The first place in Ireland to have a thriving tourist industry was Kerry. As far back as the 1800s, the lakes around Killarney were drawing visitors, including Queen Victoria, and today, it is still the most-visited place in the country. Tourists come, in their droves, to see the magnificent Ring of Kerry, Carrantuohill, Dingle, Listowel Castle, Inch strand, the gap of Dunloe, to visit Valentia Island, the Skelligs, the Blaskets. They come because it’s beautiful and wild, steeped in history, and they go away happy. Sometimes, they come again and who could blame them? But for writer Emily Hourican a visit at least once a year is a must. Because for her, Kerry is all those things, and more.
There is a place along the way between Sneem and Caherdaniel in Co Kerry, before you get to White Strand and Castlecove, where the road widens enough to stop the car and get out. By then, you are through the lush overgrown landscape around Parknasilla, and past the flatter, marshier expanses immediately outside Sneem. You have climbed high enough that the surrounds are rockier, more barren, and the view – sudden, always surprising – down to the vast Atlantic and out towards the islands of Deenish and Scariff lies before you.
Beyond, further out again, the Skelligs are a presence but not yet visible.
Every year that I return to this corner of Kerry, this is where I like to stop, stand, and look. There are days you can see no further than the ground at your feet, because the mist has rolled down and smothered everything. And there are days when you can see right out to what the monks who made their lives on Skellig Michael believed was the edge of the universe, the end of the road; the last stop before God.
That’s why they were there, perched on a rocky outcrop far out into the wild Atlantic, eking an existence and worshipping their God. They were there because they believed that further from land and humanity meant closer to that God. And anyone who has ever stood among those beehive huts on Skellig Michael and looked around them, will believe they were right. From that vantage point, even though our knowledge of geography might tell us that America lies beyond, it is impossible to believe it. The air and the wind, the smell of heather and wheeling sea birds coming in to land on Skellig Beag, tell anyone who is paying attention, that this is Somewhere Else; somewhere that the prosaic laws of geography do not apply. Somewhere that stands on the edge, in the breach, between one world and the next. A veil you can almost lift, or peer through, just by being there.
Back on the road, poised above Caherdaniel, Skelligs still out of sight, as I stand and breath, taking in the smells of Kerry that are every bit as distinct as the sights, I know, every year, that I am about to enter the orbit of that other world. That I am home.
This is my Kerry – a corner of the Iveragh peninsula that stretches from Cahirciveen to Sneem. This is my place. The source to which I return. Every point along the road holds a memory, or so it feels.
I wasn’t born or brought up here. I was born in Belfast, in 1972, amidst bombs and atrocities. Brought up, mostly, in Brussels, a city that felt sophisticated and free when I compared it with the few scattered years we spent in Dublin, a city I then found shabby and glum, before I came to love it as an adult. Every summer, we came back from Belgium to Ireland for five or six weeks. I remember summers spent in Clare, in Mayo, when I was very young and then, from the age of maybe 10, it was Kerry that we always came to.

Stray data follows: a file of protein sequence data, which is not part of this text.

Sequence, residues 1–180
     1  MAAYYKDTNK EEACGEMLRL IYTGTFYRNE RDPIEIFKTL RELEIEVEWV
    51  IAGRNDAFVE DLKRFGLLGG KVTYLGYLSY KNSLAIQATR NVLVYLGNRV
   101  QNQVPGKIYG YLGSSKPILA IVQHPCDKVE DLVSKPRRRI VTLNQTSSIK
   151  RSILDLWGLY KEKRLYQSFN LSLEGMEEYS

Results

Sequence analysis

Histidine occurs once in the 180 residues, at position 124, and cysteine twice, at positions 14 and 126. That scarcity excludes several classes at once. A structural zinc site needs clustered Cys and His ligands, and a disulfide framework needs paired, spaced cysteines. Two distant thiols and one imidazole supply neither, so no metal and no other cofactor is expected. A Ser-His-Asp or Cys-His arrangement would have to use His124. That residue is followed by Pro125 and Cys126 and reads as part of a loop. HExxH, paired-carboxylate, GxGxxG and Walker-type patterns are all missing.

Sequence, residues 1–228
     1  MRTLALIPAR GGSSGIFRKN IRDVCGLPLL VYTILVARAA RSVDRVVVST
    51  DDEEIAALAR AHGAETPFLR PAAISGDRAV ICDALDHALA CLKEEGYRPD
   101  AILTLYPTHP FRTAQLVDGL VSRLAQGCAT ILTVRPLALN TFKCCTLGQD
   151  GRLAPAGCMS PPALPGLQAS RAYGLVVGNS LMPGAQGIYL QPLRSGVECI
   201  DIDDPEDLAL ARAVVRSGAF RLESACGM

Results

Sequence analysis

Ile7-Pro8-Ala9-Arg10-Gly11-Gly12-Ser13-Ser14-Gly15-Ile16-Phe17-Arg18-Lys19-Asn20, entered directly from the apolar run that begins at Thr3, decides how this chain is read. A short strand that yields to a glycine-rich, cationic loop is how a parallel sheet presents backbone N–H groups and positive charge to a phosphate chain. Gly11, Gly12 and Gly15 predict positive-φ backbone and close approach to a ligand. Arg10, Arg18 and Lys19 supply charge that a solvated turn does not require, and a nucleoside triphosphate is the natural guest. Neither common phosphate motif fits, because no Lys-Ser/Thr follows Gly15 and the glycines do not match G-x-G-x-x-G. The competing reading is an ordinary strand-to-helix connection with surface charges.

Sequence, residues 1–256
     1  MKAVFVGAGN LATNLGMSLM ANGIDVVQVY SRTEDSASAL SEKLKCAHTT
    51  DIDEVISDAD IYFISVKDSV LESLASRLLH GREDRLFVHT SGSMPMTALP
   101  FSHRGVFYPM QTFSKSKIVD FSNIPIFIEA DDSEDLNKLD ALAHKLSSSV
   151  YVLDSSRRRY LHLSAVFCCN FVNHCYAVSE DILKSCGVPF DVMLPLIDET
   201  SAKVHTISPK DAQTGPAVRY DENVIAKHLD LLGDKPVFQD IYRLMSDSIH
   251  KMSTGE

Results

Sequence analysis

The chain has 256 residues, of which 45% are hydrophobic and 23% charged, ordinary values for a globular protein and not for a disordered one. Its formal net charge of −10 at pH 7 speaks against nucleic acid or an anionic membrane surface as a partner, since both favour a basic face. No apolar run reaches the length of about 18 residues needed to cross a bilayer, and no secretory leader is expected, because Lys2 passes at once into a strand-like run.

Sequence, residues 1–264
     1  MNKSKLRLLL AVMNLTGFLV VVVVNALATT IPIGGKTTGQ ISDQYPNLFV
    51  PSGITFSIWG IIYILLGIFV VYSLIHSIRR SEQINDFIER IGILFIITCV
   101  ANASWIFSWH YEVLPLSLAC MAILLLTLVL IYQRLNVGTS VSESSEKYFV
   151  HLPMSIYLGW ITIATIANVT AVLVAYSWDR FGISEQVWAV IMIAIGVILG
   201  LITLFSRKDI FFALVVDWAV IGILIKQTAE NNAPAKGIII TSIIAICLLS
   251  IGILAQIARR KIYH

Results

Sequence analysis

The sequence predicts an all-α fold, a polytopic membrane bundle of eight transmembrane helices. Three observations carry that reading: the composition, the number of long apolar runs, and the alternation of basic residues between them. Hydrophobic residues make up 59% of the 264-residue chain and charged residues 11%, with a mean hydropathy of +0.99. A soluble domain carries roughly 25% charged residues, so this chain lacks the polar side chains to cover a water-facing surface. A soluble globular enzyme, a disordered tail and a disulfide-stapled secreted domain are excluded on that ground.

I didn't come, then, because I wanted to. I came because that was where we went, all eight of us; my parents, my five siblings. Later, as a teenager, I came very much despite not wanting to spend three or four weeks in the middle of nowhere. By then, we had settled on a house outside Cahirciveen, perched over a tiny cove, Cuas Crom, still the most perfect swimming spot I know, enclosed by cliff arms that keep the water relatively calm, with a pier at the mouth of the open sea that is an ideal distance from shore for a demanding but not daunting swim.
Not that I swam much as a teenager. Neither did I do much of anything. I remember a lot of toasted brown soda bread with butter, and sausages; books and crosswords because we had no TV, board games with pieces missing: (‘remember, the bottle top is a knight, the plastic brick is a pawn…’). I was a pretty indolent teen, unwilling to swim unless the sun shone (which it didn’t, much), indifferent to the landscape around me, unwilling to walk much further than the Ring Fort up the road, or take more than a gentle bike ride along the narrower paths to pick blackberries. I was the one always quick to say ‘I’ll stay home and cook’ when my parents suggested a hike up Bolus head or a trip out to the Skelligs. That, I knew, would give me hours in which to lounge, smoke, and fret about what I was missing back home, while still giving enough to time to prepare new potatoes and wild salmon which, in my memory anyway, is all we seemed to eat when in Kerry.
There was the odd day trip, to a regatta or other ‘event’; a variety of visits, from cousins and friends, but mostly, the point of these holidays, for my parents, was to be as far away from civilisation as possible. The house had no phone as well as no TV, and was hard to find, tucked down a road that wasn’t signposted, and so directions relied on landmarks: a fork in the road, the barracks, a haunted house (that house, on the Cahirciveen-to-White-Strand road, really is the most haunted place I know; a blackened, burnt-out shell of a once-elegant manor that has blight and malevolence in every falling-down line so that I won’t even eat blackberries picked from the abundant bushes around it).